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Muslim Preaching in the Middle East and BeyondHistorical and Contemporary Case Studies$
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Simon Stjernholm and Elisabeth Özdalga

Print publication date: 2020

Print ISBN-13: 9781474467476

Published to Edinburgh Scholarship Online: May 2021

DOI: 10.3366/edinburgh/9781474467476.001.0001

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Friday Sermons in a Secular State: Religious Institutionbuilding in Modern Turkey

Friday Sermons in a Secular State: Religious Institutionbuilding in Modern Turkey

Chapter:
(p.83) 5 Friday Sermons in a Secular State: Religious Institutionbuilding in Modern Turkey
Source:
Muslim Preaching in the Middle East and Beyond
Author(s):

Elisabeth Ozdalga

Publisher:
Edinburgh University Press
DOI:10.3366/edinburgh/9781474467476.003.0006

By virtue of its secularism (laicism), Turkey holds a unique place in the Muslim world concerning centralization and state control of religious life. Less secular-oriented Egypt and Jordan, have increasingly entered a similar path, and in that context Turkey offers a telling example of the dynamics involved in such processes. The chapter’s focus is on Diyanet, the institution charged with the implementation of religious streamlining, but it also addresses questions related to official Friday sermonizing, where central control has created its own dilemmas. What happens when very different mosque audiences are addressed with the same hutbe (Friday sermon)? What about the unifying impact on the national community of discourses produced by an increasingly powerful and distant religious agency? Such issues are discussed in the light of the tensions encountered, when religion and official homiletics are subordinated to the aims of a secularism-oriented Muslim nation-state.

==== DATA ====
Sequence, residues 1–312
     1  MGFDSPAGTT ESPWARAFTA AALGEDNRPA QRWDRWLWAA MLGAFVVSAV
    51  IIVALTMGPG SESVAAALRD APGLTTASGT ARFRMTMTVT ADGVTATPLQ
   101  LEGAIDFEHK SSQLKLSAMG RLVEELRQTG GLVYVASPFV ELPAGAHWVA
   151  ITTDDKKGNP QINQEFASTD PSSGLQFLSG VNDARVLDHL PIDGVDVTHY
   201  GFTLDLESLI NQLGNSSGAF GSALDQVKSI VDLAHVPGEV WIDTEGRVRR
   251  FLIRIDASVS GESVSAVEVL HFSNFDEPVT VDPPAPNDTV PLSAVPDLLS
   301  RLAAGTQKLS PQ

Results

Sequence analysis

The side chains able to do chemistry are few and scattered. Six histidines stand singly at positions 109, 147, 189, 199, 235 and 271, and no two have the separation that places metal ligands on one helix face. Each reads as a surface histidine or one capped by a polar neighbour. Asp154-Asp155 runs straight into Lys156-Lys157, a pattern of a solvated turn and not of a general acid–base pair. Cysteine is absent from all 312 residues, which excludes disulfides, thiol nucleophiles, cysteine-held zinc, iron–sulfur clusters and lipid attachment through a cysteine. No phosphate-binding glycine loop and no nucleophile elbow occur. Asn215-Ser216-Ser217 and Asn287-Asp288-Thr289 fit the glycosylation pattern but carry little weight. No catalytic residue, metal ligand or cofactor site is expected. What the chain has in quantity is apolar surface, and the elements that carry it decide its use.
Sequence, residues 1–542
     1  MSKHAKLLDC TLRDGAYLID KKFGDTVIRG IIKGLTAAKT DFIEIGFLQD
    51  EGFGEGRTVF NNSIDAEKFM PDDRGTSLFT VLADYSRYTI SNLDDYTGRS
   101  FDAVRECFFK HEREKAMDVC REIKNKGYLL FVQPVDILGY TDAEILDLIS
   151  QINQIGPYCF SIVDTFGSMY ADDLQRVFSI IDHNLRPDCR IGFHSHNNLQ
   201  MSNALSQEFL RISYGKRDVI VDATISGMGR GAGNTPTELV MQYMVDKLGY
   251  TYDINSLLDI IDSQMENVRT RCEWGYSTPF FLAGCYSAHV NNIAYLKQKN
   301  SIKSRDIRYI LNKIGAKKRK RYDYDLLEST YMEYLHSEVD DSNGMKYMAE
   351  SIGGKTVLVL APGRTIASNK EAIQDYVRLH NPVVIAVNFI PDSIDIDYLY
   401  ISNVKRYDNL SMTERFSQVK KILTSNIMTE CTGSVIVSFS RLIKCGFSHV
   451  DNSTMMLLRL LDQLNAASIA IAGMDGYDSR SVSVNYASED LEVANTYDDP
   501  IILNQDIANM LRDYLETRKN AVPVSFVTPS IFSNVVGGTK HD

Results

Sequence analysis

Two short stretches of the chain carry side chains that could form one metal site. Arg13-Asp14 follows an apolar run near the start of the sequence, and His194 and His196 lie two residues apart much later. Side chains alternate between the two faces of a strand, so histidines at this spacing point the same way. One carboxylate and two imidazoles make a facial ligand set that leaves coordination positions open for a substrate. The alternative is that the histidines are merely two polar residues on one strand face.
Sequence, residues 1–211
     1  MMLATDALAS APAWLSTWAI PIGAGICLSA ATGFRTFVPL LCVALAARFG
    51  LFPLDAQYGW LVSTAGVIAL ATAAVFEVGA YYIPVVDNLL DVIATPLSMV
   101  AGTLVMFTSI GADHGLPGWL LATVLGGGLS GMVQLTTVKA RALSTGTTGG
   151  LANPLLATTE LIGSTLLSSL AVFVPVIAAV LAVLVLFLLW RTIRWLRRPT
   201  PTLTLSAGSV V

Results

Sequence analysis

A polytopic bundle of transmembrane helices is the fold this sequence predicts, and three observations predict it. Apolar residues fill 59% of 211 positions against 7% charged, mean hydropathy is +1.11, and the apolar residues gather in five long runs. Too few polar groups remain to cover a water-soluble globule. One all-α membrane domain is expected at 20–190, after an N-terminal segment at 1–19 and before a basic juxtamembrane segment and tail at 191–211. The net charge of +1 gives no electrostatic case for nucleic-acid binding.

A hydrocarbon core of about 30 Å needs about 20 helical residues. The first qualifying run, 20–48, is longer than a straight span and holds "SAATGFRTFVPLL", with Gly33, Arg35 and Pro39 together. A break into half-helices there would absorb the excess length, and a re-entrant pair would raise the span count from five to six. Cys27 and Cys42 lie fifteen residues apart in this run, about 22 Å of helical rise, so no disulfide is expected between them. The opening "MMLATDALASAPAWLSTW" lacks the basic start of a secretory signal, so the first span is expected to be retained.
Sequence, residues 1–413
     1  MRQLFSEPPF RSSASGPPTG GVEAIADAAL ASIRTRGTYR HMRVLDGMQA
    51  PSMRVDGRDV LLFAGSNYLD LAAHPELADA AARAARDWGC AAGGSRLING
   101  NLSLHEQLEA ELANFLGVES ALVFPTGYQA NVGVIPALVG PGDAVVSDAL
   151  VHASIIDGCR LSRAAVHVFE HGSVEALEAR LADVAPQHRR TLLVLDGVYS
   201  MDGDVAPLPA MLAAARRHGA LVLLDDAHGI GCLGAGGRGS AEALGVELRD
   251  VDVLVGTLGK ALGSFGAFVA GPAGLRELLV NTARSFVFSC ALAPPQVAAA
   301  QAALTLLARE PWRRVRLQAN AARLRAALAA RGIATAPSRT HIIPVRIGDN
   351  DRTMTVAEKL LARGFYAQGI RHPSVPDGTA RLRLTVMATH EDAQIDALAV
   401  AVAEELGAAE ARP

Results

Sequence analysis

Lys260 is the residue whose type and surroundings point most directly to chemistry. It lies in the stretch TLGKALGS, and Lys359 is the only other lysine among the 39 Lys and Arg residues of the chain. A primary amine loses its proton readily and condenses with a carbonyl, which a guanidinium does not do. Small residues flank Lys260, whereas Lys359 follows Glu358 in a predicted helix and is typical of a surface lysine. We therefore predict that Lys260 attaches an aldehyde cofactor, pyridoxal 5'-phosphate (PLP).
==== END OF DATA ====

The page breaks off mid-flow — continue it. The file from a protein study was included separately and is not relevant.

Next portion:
Keywords:   central state control, Diyanet, hutbe (Friday sermon), mosque audiences, Muslim nation-state, religious institution-building, secularism (laicism), Turkey

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